The idea of hierarchy is a major part of design. It can be 'invisible', just like good typography, which is why inexperienced designers don't always have a good eye for it. Whether its achieved with the layout, the type size, colours or other means, hierarchy always plays a role in design.
I stick to the motto 'if you try to make everything stand out, nothing will stand out' because I've come to realise that people often confuse two separate issues: making text big enough to read, and making text big enough to be seen. Putting a telephone number on an advert, for instance, is not going to make people pick up the phone – it's purely information. It needs to be large enough to be read – and no larger. Whereas, if you had a unique selling proposition to shout about, it makes sense to bump up the type size.
I find that, especially when you're designing an advert for print, you should be able to first make a list of all of the text information in order of most- to least important. The text that's written to grab attention will be at the top: the text that is solely information, will go at the bottom.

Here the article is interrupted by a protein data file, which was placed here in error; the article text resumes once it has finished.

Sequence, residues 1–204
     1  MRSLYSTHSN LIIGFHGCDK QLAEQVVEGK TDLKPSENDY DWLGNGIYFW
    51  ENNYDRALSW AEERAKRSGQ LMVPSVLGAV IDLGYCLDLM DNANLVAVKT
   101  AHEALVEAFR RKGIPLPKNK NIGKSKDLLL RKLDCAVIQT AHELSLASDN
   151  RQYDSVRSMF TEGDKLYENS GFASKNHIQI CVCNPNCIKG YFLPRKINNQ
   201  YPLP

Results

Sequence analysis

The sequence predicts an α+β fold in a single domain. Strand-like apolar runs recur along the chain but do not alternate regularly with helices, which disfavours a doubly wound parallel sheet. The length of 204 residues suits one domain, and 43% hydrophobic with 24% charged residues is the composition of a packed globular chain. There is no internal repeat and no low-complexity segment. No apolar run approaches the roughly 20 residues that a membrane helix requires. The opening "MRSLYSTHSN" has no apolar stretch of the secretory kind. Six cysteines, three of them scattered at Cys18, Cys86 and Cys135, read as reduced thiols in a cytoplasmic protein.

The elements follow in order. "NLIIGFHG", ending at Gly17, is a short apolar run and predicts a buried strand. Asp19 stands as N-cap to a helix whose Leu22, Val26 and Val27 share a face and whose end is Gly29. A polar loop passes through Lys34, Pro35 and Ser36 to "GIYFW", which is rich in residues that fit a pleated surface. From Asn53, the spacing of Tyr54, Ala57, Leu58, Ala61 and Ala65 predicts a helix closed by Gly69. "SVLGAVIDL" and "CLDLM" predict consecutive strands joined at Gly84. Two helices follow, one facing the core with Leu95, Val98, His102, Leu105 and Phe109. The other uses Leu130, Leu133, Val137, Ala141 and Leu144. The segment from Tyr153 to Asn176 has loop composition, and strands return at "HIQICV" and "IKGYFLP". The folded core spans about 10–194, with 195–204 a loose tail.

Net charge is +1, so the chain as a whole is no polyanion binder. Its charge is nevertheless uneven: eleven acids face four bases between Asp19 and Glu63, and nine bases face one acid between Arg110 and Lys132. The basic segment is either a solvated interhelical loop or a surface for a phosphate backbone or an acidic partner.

The advert below shouts out 'vote yes' but it's unclear where to look next because of the confusion between the two columns – one is left aligned, the other centre aligned, and neither takes charge over the other because the contrast in type sizes is too subtle and the layout is inconsistent. It's an important message that was perhaps weakened by a design that was of a lesser standard that it should have been.
In this advert, right from the beginning the meaningful text struggles against the logo (because a poor decision was taken to add a tag line underneath it that requires the logo to be at least big enough for the tag line to be read). The designer was very reserved in their use of colour but there's a definite case of wanting-everything-to-stand-out-syndrome. The telephone number is some of the largest text on the design – but is it really going to sell holidays?
Ogilvy is the master of adverts that don't shy away from giving readers something to read. The headline is engaging, and the introduction gives you a reason to read the bulk of text that follows it. The visual hierarchy is admittedly simple, but there's no reason to ditch simplicity for 'creativity' when it comes to selling an idea or a product.